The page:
Paris Tragics: Learning the fundamentals of French fine foods

Our first port of call was to the boulangerie in place Franz Liszt. It was an essential rite of passage to

Our first port of call was to the boulangerie in place Franz Liszt. It was an essential rite of passage to be introduced to “la Formidable” (i.e. Madame Boulangère) and to be given her imprimatur while inspecting the delights on offer, chiefly the range of baguettes.

The baguette has a truly central place in French consciousness, with its price controlled, up until 1998, to equal a litre of milk and the daily newspaper. And it is certainly true and not at all a romantic fabrication that there is a steady stream of walkers and bikers in the streets of Paris with the daily baguette reverentially carried in-basket or under arm for lunch or dinner at home. Care needs to be taken in transport as those pointy ends can do serious damage to eye or groin of passers-by.
Alternatively, bite off the end as soon as you get out of the bakery – who can wait to get it home anyway?

In the shop Catherine instructed us to always order the baguette traditionelle as this was guaranteed to be handmade on the premises rather than trucked in from industrial-scale bakers off site. Then we would be assured of a crusty, mealy, melt-in-the-mouth experience rather than risking a stick-like “wand” (the word baguette is the French for wand). It seems that 1998 was a crucial year in the life of the baguette as it was also in that year that legislation was enacted that prevents bakeries from naming themselves boulangeries unless they make their own dough on the premises. That’s not to say that they can’t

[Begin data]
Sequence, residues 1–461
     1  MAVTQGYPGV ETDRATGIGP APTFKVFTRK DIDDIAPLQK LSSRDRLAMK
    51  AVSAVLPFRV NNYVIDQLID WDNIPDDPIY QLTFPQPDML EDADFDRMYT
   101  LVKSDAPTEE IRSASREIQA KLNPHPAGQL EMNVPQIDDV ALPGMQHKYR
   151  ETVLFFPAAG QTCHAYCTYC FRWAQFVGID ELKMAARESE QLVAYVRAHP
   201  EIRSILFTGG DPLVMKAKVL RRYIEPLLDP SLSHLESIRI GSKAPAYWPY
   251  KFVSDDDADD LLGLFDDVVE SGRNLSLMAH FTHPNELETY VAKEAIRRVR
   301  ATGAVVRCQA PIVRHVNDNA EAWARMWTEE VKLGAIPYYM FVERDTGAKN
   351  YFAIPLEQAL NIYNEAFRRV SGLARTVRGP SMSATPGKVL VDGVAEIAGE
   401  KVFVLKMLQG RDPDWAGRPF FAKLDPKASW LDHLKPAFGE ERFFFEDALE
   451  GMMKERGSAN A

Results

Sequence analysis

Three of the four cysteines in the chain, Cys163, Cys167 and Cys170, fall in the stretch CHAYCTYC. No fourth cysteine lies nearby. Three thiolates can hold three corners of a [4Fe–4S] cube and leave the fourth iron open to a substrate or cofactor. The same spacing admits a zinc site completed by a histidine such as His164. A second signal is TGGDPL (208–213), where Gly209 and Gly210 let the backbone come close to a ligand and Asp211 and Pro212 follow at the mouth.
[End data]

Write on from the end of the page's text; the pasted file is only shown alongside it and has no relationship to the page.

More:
import “industrial” products as well, but to be legitimately be called a boulangerie they must offer the traditionelle option.

Our purchase completed, we said our au revoirs to la Formidable and, I thought, we had passed our first test! The summit seemed to go well, Madame was polite, not too dismissive and she smiled once, I’m certain of it. She seemed to tolerate my and Ginny’s pitiable attempts at French and all in all appeared to regard us as human beings. A great achievement all round I thought… but there were more tests to come. Our next stop was one of the few remaining covered markets, this one under a cute green metal roof on boulevard de Magenta not far from Gare de l’Est. Somewhat like the Victoria Market in Melbourne and Central Market in Adelaide but on a much more intimate and suburban scale, this marché provides a range of fresh and pre-prepared foods in all the staple areas of meat, poultry, fruit, veg, smallgoods, bread, cheese and bottled and tinned specialities. Catherine was very helpful, if not a smidgin dogmatic: “Don’t go to that stall, always overpriced … and this one here is best for stone fruit … and the best chickens, Bresse of course (oh so yellow and plump you could eat them raw!), from here. And Gérard at that stall over there … well, he’s just a pig.”